Cybercriminals are growing more advanced. Many are well-funded, their tactics are increasingly cunning, and more and more of them use modern tools like AI to aid their efforts. So it might surprise many people to learn that one of the most successful tactics employed by cybercriminals remains credential theft. Too many organizations are leaving credentials exposed and easy for attackers to find—and once they fall into the hands of attackers, these credentials make it simple to escalate their attack and move freely throughout the network to find the most valuable data. Fortunately, many InfoSec teams have found that engaging in trickery like deception and concealment can stop credential theft in its tracks.
It’s impossible to overstate just how big the problem of credential theft is. The 2020 Verizon Data Breach Investigations Report (DBIR) indicated that a whopping 80% of hacking-related breaches involve either brute force or stolen credentials—including 77% of all cloud breaches. To make matters worse, a recent study conducted by Digital Shadows found 15 billion stolen credentials available for purchase on Dark Web marketplaces.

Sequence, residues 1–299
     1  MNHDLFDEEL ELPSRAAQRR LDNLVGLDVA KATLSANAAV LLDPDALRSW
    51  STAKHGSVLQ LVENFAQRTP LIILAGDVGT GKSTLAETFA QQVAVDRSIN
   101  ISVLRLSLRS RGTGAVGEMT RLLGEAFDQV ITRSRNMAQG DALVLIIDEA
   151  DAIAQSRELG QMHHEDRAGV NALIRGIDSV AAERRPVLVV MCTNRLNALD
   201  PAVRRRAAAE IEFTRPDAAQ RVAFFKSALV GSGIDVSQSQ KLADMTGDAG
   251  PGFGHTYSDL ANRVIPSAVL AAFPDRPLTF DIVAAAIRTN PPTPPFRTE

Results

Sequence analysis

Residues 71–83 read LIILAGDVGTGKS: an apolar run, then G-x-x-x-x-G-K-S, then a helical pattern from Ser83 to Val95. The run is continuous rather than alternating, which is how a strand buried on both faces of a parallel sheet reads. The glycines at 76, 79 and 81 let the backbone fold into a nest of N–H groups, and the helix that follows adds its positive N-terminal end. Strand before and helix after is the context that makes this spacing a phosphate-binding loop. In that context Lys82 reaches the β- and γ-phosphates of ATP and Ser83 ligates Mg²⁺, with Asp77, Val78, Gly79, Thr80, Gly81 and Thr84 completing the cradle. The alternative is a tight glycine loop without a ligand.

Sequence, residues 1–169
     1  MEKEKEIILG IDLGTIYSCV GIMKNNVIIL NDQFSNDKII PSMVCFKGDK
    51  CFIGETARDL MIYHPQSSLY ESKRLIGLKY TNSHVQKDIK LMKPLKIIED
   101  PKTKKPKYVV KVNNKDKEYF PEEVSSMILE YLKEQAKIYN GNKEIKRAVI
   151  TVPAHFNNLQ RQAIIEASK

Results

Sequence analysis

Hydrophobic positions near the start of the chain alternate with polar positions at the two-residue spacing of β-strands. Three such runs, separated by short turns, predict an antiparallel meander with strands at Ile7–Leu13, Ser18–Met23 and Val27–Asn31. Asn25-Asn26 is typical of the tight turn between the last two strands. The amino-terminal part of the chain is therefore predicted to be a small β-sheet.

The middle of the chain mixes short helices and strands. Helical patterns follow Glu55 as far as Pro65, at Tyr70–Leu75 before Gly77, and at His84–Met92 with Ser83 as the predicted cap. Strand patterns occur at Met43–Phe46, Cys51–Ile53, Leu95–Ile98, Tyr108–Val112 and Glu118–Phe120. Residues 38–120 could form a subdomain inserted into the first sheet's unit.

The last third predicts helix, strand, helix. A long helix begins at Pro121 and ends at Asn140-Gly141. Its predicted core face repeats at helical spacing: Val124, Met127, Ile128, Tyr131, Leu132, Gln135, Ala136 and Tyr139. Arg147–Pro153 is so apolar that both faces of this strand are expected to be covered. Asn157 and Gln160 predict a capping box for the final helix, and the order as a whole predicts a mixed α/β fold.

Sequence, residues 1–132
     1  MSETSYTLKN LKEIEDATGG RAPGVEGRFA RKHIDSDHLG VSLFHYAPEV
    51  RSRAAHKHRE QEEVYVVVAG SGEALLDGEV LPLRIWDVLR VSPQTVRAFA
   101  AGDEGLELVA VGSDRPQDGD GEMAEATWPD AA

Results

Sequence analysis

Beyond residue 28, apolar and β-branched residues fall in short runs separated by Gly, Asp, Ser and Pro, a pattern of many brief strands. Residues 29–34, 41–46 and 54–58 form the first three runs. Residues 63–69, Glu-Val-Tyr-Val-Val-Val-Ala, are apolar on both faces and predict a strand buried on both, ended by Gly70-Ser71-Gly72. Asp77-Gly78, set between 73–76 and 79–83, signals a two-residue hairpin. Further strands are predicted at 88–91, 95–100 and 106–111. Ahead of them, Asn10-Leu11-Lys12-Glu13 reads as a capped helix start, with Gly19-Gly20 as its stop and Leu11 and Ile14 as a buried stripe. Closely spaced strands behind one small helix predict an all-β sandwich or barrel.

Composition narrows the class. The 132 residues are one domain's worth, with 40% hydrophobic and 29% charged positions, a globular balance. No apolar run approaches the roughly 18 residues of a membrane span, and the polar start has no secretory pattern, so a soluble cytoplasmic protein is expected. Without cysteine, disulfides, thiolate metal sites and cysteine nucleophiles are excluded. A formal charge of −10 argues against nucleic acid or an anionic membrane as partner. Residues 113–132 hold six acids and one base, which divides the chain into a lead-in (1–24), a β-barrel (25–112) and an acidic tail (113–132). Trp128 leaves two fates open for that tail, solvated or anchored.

Security companies design common perimeter security tools like endpoint protection platforms (EPPs) and endpoint detection and response (EDR) solutions to prevent intruders from entering the network, not to detect credential theft or privilege escalation. EPPs are useful for detecting attackers demonstrating a known threat signature, while EDRs look for suspicious endpoint processes and other unusual activity signs. But once an attacker seeks to move laterally off an endpoint by finding (or stealing) a set of valid credentials, these tools can do very little to detect them—and if the victim lacks in-network protection, there is little to stop the intruder from escalating their attack.
Many recent, high-profile examples drive this point home, including the July 2020 Twitter hack. Attackers using stolen VPN credentials tricked Twitter employees into disclosing their account information through a fake VPN login page, and VPN issues were commonplace enough that the attackers easily fooled their victims into believing they were members of the IT department. Although the Twitter attack is just one example, it effectively highlights the increased danger of the current situation and the need for effective credential protections.
Since credential theft essentially gives attackers a free pass into the network, protecting those credentials is a high priority for today’s businesses. Fortunately, the cybersecurity industry has recognized the need for stronger in-network protections. Tools like deception and credential visibility technology have made it easier for organizations to find and secure exposed credentials before attackers can compromise them. Cybersecurity professionals can take three important steps to help ensure that their credentials stay out of the hands of attackers: